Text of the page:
This light micrograph shows a 100× magnification of red blood cells infected with P . falciparum (seen as purple). (credit: modification of work by Michael Zahniser; scale-bar data from Matt Russell)

Concept in action

This movie depicts the pathogenesis of Plasmodium falciparum , the causative agent of malaria.

Questions & Answers

where we get a research paper on Nano chemistry....?
Maira Reply
what are the products of Nano chemistry?
Maira Reply
There are lots of products of nano chemistry... Like nano coatings.....carbon fiber.. And lots of others..
learn
Even nanotechnology is pretty much all about chemistry... Its the chemistry on quantum or atomic level
learn
Google
da
no nanotechnology is also a part of physics and maths it requires angle formulas and some pressure regarding concepts
Bhagvanji
Preparation and Applications of Nanomaterial for Drug Delivery
Hafiz Reply
revolt
da
Application of nanotechnology in medicine
what is variations in raman spectra for nanomaterials
Jyoti Reply
I only see partial conversation and what's the question here!
Crow Reply
what about nanotechnology for water purification
RAW Reply
please someone correct me if I'm wrong but I think one can use nanoparticles, specially silver nanoparticles for water treatment.
Damian
yes that's correct
Professor
I think
Professor
Nasa has use it in the 60's, copper as water purification in the moon travel.
Alexandre
nanocopper obvius
Alexandre
what is the stm
Brian Reply
is there industrial application of fullrenes. What is the method to prepare fullrene on large scale.?
Rafiq
industrial application...? mmm I think on the medical side as drug carrier, but you should go deeper on your research, I may be wrong
Damian
How we are making nano material?
LITNING Reply
what is a peer
LITNING Reply
What is meant by 'nano scale'?
LITNING Reply
What is STMs full form?
LITNING
scanning tunneling microscope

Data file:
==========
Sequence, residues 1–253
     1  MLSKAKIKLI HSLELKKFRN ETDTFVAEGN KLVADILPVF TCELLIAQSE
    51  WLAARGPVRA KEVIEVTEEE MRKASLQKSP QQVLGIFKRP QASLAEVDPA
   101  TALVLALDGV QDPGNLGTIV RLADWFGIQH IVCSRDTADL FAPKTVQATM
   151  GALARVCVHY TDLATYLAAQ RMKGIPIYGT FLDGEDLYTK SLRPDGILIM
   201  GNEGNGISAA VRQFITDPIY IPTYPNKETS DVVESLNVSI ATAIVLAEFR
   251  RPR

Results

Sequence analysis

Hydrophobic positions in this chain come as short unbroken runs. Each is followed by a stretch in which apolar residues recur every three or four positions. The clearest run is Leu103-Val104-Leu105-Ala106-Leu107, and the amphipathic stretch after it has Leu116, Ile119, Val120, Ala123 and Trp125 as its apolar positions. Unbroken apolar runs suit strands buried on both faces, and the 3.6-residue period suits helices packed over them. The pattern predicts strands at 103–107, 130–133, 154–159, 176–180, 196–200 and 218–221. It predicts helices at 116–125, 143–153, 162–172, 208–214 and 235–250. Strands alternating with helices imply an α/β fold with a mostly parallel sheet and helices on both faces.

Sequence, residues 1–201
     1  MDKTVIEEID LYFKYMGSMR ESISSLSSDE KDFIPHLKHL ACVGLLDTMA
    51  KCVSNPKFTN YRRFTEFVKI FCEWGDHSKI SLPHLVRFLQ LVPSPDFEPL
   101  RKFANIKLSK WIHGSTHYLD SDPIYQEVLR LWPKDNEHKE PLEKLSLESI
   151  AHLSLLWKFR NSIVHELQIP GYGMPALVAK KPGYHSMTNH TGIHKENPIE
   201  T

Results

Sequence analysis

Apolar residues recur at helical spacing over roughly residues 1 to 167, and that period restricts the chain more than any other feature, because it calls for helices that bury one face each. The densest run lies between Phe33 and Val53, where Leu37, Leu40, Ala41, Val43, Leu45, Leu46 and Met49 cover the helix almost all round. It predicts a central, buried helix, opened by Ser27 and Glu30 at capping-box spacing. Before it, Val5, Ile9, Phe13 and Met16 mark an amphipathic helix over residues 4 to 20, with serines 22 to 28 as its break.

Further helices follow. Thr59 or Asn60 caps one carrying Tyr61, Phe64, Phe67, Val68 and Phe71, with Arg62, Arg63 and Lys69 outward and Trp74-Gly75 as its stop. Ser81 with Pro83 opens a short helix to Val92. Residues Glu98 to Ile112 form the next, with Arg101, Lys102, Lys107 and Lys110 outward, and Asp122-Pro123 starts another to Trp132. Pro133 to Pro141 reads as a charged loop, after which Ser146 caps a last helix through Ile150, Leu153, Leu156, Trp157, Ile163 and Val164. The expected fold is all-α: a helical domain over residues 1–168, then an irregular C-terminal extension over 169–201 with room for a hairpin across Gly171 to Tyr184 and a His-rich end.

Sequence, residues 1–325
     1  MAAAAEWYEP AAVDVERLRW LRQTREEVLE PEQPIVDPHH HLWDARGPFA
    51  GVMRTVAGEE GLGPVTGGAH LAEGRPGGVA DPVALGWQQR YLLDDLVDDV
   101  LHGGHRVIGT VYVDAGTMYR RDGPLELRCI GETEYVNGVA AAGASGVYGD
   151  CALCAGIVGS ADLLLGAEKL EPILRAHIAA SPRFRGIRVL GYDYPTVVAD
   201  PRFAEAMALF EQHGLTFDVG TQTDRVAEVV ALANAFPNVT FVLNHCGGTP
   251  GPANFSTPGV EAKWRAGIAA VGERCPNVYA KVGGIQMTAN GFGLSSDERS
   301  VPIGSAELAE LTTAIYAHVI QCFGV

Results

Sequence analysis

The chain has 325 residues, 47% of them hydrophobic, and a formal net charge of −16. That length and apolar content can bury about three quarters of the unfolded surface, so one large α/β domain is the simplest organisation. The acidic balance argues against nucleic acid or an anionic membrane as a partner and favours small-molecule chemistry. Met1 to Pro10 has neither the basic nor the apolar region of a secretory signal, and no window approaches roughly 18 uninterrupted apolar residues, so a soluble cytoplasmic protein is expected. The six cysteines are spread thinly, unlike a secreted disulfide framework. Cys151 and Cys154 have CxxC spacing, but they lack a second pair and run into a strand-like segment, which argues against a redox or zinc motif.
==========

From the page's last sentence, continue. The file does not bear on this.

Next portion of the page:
Sahil
how nano science is used for hydrophobicity
Santosh
Do u think that Graphene and Fullrene fiber can be used to make Air Plane body structure the lightest and strongest. Rafiq
Rafiq
what is differents between GO and RGO?
Mahi
what is simplest way to understand the applications of nano robots used to detect the cancer affected cell of human body.? How this robot is carried to required site of body cell.? what will be the carrier material and how can be detected that correct delivery of drug is done Rafiq
Rafiq
if virus is killing to make ARTIFICIAL DNA OF GRAPHENE FOR KILLED THE VIRUS .THIS IS OUR ASSUMPTION
Anam
analytical skills graphene is prepared to kill any type viruses .
Anam
Any one who tell me about Preparation and application of Nanomaterial for drug Delivery
Hafiz
what is Nano technology ?
Bob Reply
write examples of Nano molecule?
Bob
The nanotechnology is as new science, to scale nanometric
brayan
nanotechnology is the study, desing, synthesis, manipulation and application of materials and functional systems through control of matter at nanoscale
Damian
Is there any normative that regulates the use of silver nanoparticles?
Damian Reply
what king of growth are you checking .?
Renato
What fields keep nano created devices from performing or assimulating ? Magnetic fields ? Are do they assimilate ?
Stoney Reply
why we need to study biomolecules, molecular biology in nanotechnology?
Adin Reply
?
Kyle
yes I'm doing my masters in nanotechnology, we are being studying all these domains as well..
Adin
why?
Adin
what school?
Kyle
biomolecules are e building blocks of every organics and inorganic materials.
Joe
in a comparison of the stages of meiosis to the stage of mitosis, which stages are unique to meiosis and which stages have the same event in botg meiosis and mitosis
Leah Reply

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Source:  OpenStax, Concepts in biology (biology 1060 tri-c). OpenStax CNX. Jan 15, 2014 Download for free at https://legacy.cnx.org/content/col11617/1.1